Francesco takes a moment to pause. Then he begins to explain everything to me, based on an important concept: “Without passion and imagination, you cannot work with wood. For a flat-bottomed Calabrian lyre it takes me a week. For rounding, even 15 days. For a good soundboard, a lot depends on the choice of wood.

To build the Calabrian lyre Francesco uses local woods: mulberry, walnut, alder, acacia. The soundboard can be spruce or silver fir. Everything is chosen with the greatest care, like the many stages in the making of the Calabrian lyre.

From the choice of wood to the seasoning, from the drawing (marking) to working with the tools of the trade to hollow out the chosen log. Then comes the construction of the soundboard, glued to the upper part of the Calabrian lyre.

Until the correspondence, until the creation of the pegs, where the gut strings of the Calabrian lyre are stretched, and the bridge between the two holes, without forgetting the polishing, the repetition and the final tuning.

Francesco Siviglia’s challenge: reviving the Symphonia

symphony-luthier-Seville

In his studio on the outskirts of Bova Marina, Francesco creates not only the Calabrian lyre but also the Symphonia.

The Symphonia is a special instrument that produces a sound similar to that of the bagpipe, but only wood and three gut or nylon strings.

“When you hear its sound, it is as if you have been projected into ancient times,” he said.

Francesco speaks enthusiastically. It is there, in his workshop, in the middle of Calabrian lyres, drawings, tools of the trade and a lot of passion, that this luthier draws from the history of music to give soul to so many Calabrian instruments. threatened with extinction.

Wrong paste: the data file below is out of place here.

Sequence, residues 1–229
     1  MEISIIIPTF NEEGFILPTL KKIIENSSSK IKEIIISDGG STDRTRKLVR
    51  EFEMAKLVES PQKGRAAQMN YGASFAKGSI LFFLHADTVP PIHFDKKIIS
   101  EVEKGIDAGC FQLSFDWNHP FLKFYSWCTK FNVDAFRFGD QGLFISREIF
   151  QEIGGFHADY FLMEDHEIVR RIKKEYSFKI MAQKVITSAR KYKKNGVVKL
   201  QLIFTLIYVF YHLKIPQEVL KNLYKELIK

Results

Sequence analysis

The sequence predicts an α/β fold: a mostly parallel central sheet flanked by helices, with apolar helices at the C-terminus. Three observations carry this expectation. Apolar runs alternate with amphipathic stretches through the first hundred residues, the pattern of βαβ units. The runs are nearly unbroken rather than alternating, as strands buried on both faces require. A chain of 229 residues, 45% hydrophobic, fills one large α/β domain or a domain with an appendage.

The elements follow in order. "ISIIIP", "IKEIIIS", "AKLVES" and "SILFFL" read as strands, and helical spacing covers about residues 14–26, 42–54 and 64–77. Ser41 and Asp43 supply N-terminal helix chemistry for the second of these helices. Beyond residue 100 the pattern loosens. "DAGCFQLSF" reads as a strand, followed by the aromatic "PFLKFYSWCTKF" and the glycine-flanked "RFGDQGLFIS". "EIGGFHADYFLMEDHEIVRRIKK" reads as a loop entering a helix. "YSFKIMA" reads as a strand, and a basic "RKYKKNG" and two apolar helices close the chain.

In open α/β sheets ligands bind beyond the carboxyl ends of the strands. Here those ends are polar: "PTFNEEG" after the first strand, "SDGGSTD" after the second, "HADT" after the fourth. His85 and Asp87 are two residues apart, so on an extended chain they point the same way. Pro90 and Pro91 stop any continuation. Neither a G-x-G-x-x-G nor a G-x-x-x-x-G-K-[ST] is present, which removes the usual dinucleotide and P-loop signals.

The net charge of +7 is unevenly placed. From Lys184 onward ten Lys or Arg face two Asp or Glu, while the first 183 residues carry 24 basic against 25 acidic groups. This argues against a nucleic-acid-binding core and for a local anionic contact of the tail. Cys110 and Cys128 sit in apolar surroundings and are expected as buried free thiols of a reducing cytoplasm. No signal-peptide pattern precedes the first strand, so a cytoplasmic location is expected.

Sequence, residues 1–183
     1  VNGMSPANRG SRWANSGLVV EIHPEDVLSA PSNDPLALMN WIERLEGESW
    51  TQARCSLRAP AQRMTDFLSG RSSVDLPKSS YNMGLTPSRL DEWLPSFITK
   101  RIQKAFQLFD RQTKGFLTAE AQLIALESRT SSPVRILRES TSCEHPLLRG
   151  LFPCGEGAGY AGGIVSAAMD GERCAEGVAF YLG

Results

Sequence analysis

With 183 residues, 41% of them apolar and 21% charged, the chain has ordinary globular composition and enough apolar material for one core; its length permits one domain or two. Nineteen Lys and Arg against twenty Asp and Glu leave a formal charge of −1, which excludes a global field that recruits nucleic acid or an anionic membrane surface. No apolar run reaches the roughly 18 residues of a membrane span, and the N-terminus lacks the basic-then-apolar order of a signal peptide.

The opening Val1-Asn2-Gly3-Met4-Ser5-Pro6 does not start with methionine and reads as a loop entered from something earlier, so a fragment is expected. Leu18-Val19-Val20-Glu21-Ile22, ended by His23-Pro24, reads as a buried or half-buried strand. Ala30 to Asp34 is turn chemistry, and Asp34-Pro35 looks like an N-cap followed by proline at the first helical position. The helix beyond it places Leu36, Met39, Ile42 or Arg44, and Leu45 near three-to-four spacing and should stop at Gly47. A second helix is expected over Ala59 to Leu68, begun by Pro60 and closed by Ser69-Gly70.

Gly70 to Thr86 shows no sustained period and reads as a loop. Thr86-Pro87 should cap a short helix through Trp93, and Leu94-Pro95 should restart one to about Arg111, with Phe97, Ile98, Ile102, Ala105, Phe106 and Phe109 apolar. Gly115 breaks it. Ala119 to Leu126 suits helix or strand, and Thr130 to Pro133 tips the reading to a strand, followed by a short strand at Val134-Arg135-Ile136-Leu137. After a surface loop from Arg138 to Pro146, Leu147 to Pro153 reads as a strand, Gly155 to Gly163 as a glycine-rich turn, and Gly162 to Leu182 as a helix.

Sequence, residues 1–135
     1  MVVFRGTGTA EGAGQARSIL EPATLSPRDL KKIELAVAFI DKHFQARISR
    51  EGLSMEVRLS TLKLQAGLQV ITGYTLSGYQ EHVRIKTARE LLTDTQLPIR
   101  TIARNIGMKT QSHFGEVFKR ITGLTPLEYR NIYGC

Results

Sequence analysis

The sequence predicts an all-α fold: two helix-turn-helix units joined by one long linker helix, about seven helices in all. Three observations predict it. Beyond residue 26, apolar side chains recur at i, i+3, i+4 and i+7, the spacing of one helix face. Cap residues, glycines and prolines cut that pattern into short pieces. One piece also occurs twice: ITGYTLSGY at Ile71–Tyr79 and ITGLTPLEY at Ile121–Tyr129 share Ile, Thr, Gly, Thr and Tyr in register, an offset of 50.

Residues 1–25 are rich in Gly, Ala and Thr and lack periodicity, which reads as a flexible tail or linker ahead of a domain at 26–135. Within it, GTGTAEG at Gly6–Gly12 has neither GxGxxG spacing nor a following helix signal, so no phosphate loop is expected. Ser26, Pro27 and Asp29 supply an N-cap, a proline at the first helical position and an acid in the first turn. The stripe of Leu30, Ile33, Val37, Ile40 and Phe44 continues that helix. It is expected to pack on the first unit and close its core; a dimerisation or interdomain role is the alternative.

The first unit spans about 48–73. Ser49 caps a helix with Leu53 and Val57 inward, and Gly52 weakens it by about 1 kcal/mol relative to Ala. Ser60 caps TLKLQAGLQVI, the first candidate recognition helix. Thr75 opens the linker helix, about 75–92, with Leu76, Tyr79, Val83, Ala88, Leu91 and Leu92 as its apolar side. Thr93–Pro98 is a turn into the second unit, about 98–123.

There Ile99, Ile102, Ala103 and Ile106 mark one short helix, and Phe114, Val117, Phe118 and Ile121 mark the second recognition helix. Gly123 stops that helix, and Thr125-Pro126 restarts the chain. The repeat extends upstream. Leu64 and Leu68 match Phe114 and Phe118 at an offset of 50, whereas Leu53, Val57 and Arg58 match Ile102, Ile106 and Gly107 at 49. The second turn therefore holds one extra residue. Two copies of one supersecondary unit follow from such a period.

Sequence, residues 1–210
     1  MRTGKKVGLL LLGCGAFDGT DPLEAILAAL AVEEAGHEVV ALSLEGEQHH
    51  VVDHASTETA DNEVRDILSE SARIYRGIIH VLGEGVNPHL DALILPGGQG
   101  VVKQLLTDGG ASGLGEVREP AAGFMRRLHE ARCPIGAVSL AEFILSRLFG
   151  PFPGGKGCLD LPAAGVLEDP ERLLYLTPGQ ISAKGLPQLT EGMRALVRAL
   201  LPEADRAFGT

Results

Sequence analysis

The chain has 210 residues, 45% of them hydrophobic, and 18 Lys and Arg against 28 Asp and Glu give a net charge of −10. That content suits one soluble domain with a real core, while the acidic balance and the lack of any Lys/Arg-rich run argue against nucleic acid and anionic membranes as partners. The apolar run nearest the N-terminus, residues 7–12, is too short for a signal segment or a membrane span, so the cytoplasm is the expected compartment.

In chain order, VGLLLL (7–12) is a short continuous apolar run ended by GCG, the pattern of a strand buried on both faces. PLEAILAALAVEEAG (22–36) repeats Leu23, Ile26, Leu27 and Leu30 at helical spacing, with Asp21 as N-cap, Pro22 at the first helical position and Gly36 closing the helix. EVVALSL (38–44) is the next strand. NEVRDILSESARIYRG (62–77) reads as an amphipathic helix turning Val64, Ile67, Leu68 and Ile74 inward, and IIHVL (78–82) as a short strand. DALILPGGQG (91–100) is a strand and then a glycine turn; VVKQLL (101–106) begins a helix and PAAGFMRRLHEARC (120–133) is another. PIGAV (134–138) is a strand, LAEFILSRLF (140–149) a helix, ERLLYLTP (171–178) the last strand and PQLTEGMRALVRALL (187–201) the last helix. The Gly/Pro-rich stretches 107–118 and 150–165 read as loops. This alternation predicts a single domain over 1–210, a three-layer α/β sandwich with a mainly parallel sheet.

At the end of this trip with the luthier Francesco Siviglia

Francesco with his wife Tsveti

Now the Calabrian lira is starting to be appreciated and performed also abroad. Thus, luthier Francesco Siviglia creates this ancient instrument from Calabria, exporting unique specimens to Europe and beyond.

He knows that craftsmanship is having patience and that everything is measured over time, with passion. In his workshop, the stories of artists and musicians meet, sounds from the past that weave new harmonies with the present.

The future? It will be the rediscovery of another traditional instrument of this land, where Francesco Siviglia lives with his wife Tsveti, painter of Greek Orthodox icons, and Ares, his dog who keeps him company in the studio.

Thus, each link becomes complicity, love, commitment: everything necessary for the notes to be transmitted over time.

Marika Greco took the photos for author Alessia Antonucci.

detail-Calabria-read-Seville

Francesco Siviglia chopping wood

Luthier-Seville-with-Calabrian-lyre

Calabrian lyre drawing

how-to-build-the-calabrian-read

exhibition-read-Calabrese

read-calabrese-models-Seville

READ MORE: New monument in Crotone, southern Italy, dedicated to the city‘s ancient Greek roots.

Key words:
Alessia Antonucci, Byzantine music, Calabria, Calabrian lira, Calabrian lyre, Calabrian music, Francesco Siviglia, Greek music, Italian-Greek, Italy, lyre, Magna Greacia, Magna Grecia, Marika Greco, Siviglia, Southern Italy


Previous Goldman Sachs, Ozy Media, $ 40 Million Conference Call Goes Wrong
Next The art market will experience huge growth by 2026